- If you have bots which require confirmation to play against, don’t forget to check from time to time whether you got any requests.
- Don’t forget to register your bots for the tournaments. If you abandon a bot please deregister it from the tournaments.
- The time limit for a bot is 2 minutes per game.
- If you submit a Java bot, your main class needs to be called $Bot$ and it may not be in any package.

Write a bot that follows the rules and can beat the example bot. Just play and win any game against the random bot on the creativity platform. We have to manually update the scores, so it might take a few days until they show up on the round 1 ranking.

Write a bot which is able to beat our smart bot. Play and win games on at least 5 different map layouts against the smart bot on the creativity platform. You may choose the other map parameters freely. We have to manually update the scores, so it might take a few days until they show up on the round 1 ranking.

You play against other participants of the SOI in multiple tournaments. Based on the rankings of these you will get points.

Each tournament is worth a certain amount of points and you will get a fraction of these based on your rank: 100% for rank 1, then 10% less for every following rank until rank 6 (50%), then 5% less for every following rank. We only include the best bot for each participant in the ranking. However, the creativity platform does not exclude multiple bots from the same person, so the points you receive might not match the displayed ranking.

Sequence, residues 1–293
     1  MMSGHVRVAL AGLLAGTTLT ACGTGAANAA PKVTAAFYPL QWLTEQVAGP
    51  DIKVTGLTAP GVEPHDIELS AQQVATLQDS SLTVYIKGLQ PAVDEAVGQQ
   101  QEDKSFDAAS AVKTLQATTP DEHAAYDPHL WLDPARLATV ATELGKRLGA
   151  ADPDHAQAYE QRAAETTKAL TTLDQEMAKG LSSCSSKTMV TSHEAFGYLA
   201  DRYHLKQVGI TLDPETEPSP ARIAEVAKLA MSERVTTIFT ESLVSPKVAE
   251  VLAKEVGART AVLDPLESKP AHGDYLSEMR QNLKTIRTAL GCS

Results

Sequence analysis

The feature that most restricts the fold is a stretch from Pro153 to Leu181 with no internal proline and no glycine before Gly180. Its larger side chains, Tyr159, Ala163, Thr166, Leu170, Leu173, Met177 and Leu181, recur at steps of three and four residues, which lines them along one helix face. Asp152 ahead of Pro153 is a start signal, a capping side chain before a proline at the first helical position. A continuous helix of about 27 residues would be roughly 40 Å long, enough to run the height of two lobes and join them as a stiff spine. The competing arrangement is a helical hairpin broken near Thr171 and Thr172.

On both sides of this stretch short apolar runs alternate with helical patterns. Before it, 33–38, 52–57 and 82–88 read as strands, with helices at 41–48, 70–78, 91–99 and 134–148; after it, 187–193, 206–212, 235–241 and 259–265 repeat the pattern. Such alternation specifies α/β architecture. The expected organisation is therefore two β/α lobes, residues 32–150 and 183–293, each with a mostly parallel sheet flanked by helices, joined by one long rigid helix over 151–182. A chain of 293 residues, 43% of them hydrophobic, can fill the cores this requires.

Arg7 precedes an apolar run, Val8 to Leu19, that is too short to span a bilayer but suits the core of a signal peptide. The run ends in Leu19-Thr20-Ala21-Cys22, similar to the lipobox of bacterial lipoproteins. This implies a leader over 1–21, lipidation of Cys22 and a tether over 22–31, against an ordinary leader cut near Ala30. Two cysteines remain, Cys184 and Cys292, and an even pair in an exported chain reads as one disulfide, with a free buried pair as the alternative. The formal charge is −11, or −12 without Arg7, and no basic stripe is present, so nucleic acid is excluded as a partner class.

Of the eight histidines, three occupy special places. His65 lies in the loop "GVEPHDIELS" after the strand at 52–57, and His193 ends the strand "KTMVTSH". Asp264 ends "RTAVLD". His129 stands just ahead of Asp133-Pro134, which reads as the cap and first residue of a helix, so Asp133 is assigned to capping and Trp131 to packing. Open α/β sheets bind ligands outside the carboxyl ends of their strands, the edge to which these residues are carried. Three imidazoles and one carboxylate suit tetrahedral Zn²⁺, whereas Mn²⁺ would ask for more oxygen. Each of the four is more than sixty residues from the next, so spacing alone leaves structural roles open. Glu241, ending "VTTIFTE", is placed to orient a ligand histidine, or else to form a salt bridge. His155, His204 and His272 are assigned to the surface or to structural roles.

In the end, your score for this subtask will be the maximal score you achieved during any tournament. There will be the following tournaments:

**25.9.2022**, 20:00: Early bird tournament, worth**20 points**.**9.10.2022**, 20:00: Getting started tournament, worth**30 points**.**23.10.2022**, 20:00: Midway tournament, worth**40 points**.**6.11.2022**, 20:00: Getting serious tournament, worth**50 points**.**20.11.2022**, 20:00: Final spurt tournament, worth**60 points**.**1.12.2022**, 10:00: Creativity tournament, worth**75 points**. Ranking will be hidden.

We will update the scores on the round 1 ranking after every tournament, but as we do this manually it might take a few days.

On the creativity platform you can view additional details about the tournaments. A tournament consists of multiple map configurations. For each configuration you will play against every other bot. Each configuration has a score weight $s_i$ associated with it. For a win on a map you will get $3 \cdot s_i$, for a draw $1 \cdot s_i$ and for a loss $0$ score. The ranking will be according to the sum of these scores across all played games.

There are a few different map configurations on which we will run the bots. A configuration consists of the following parameters:

- Map layout: the algorithm to generate the graph.
- random: Completely random graph
- line: A line graph
- star: A generalization of the line map, with a single center and multiple lines originating from there